Electric Current: Movement of Charges (page 2)

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The potential energy of a battery varies with the difference in the volts (the potential energy per charge) between the terminals (the points at which connections are made to an electrical device). This difference, called voltage, is the potential difference measured in volts (V). The greater the potential difference, the greater the potential energy, and therefore the greater the voltage. As the potential difference increases, the amount of current that flows through a circuit increases. A 1.5-volt battery tells you that the potential difference between the terminals is 1.5 volts. A 6-volt battery has four times more potential difference than a 1.5- volt battery. When connected to electric circuits, the 6-volt battery gives an electric charge four times as much push as the 1.5-volt battery.

Although an increase in voltage does not increase tile speed of the electrical impulse, it does increase the speed of the electrons. As the speed of the electrons increases, more electrons move past a point in a given time period. Voltage can be thought of as a measure of the "push" on the free electrons. Demonstrate an increase in voltage by increasing the speed at which you move magnet A. Compare the distance that each magnet moves. Since magnet D doesn't have an opposing force, its movement is an indication of an increase in forward push.

Design Your Own Experiment


    Electric Current: Movement of Charges

    Electric Current: Movement of Charges

    1. Electrica1 conduction is the movement of electric charges through a substance. Electrica1 conductivity is the measure of the ability of a substance to conduct an electric current. Substances with high electrical conductivity are those with a large concentration of free electrons, such as metals, and are called electrica1 conductors. Design an experiment to compare the electrical conductivity of materials. One way is to build an open electric circuit so that different materials can be used to close the circuit. Place a 1.5-volt battery in a battery holder. Screw a flashlight lamp with an E-10 screw-base into a lamp holder. Use wire cutters to cut three 6-inch (15-cm) pieces of 22-gauge single-strand insulated wire. Strip about 1 inch (2.5 cm) of insulation from both ends of each piece of wire. Use the wire to connect the terminals of the lamp base and battery, as shown in Figure 16.2. Holding the insulated part of the wires, touch the free metal ends of the wires together to make sure the lamp will glow. If it does, separate the free ends of the wires and touch them to opposite sides of a testing material, such as a penny. Note: Make sure that the wires touch only the testing material and not each other. You want to determine if the testing material can close the circuit by allowing electrons to move through it, causing the lamp to glow. CAUTION: The wires and the lamp can get hot enough to burn your skin if you leave the switch closed for longer than five seconds. Don't touch the lamp or the wires unless they have had time to cool after being disconnected.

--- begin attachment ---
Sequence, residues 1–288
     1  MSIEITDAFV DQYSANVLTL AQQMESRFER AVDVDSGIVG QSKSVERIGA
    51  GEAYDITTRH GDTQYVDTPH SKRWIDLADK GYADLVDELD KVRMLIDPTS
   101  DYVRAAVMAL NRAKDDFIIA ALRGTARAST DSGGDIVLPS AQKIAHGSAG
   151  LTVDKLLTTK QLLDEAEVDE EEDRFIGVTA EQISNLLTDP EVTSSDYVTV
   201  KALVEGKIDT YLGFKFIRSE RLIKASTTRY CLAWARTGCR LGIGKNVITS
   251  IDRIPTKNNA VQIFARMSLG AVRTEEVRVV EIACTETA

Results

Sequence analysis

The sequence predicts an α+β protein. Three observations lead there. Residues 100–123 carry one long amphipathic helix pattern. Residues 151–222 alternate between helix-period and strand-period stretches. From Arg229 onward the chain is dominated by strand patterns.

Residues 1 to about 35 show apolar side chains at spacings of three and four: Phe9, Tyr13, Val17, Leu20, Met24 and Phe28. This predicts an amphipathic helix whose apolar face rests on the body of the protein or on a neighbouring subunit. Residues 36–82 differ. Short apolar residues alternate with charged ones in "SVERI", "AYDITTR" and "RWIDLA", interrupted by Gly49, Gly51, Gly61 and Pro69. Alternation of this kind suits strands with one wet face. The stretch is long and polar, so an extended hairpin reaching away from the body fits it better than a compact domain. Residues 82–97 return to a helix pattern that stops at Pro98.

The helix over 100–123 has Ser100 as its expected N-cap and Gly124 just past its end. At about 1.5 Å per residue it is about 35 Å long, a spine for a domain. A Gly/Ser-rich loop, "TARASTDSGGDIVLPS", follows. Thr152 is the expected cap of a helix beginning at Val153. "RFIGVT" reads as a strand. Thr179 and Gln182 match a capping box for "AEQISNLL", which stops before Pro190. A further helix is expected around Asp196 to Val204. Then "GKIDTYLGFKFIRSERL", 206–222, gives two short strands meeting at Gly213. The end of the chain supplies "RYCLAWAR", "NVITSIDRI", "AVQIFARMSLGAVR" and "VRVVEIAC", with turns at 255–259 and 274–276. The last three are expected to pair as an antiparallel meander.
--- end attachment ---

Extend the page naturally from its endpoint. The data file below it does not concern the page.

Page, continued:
2. Some conductors restrict the movement of electric charges more than others. The measure of the opposition to the flow of electric charges through a conductor is called resistance. The brightness of the lamp is an indication of the amount of electric current (measure of the amount of electrical charges moving through a current per unit of time) in the circuit. As the resistance increases, the current decreases, and so does the brightness of the lamp. Repeat the previous experiment comparing the brightness of the lamp with each material. To be sure that the electrons travel through the same amount of testing material for each sample, tape the wires to a craft stick so that the metal ends stick out and are 11/2 inch (1.25 cm) apart (see Figure 16.3).
    3. Design a way to determine if the amount of testing material affects the resistance. Use a longer sample, such as a strip of aluminum foil or pencil lead, and touch the wires to the testing material at different distances apart. (For information on using a multimeter to measure electric current, see chapter 17, "Series Circuit: Sequential Path.")

Get the Facts

  1. A battery is a device that uses chemicals to produce an electric current. By 1800, Italian physicist Alessandro Volta (1745-1827) developed what was called the voltaic pile, which was a forerunner of a battery. The voltaic pile was able to produce a steady stream of electricity. How does the voltaic pile compare to modern batteries? For more information about Volta's battery, see the Franklin Institute Science Museum, The Ben Franklin Book of Easy and Incredible Experiments (New York: Wiley, 1995), p. 56. You can find more information on the voltaic pile and its use in creating an electric current in Albert Einstein and Leopold Infeld, The Evolution of Physics (New York: Touchstone, 1966), pp. 84–90.
  2. Coulomb's law describes the force between two charged objects. How does distance affect this force? For more about Coulomb's law, see a physics text.
  3. An electrical insulator has a low concentration of free electrons and is a poor electrical conductor. Use a physics text to find out more about electrical insulators.
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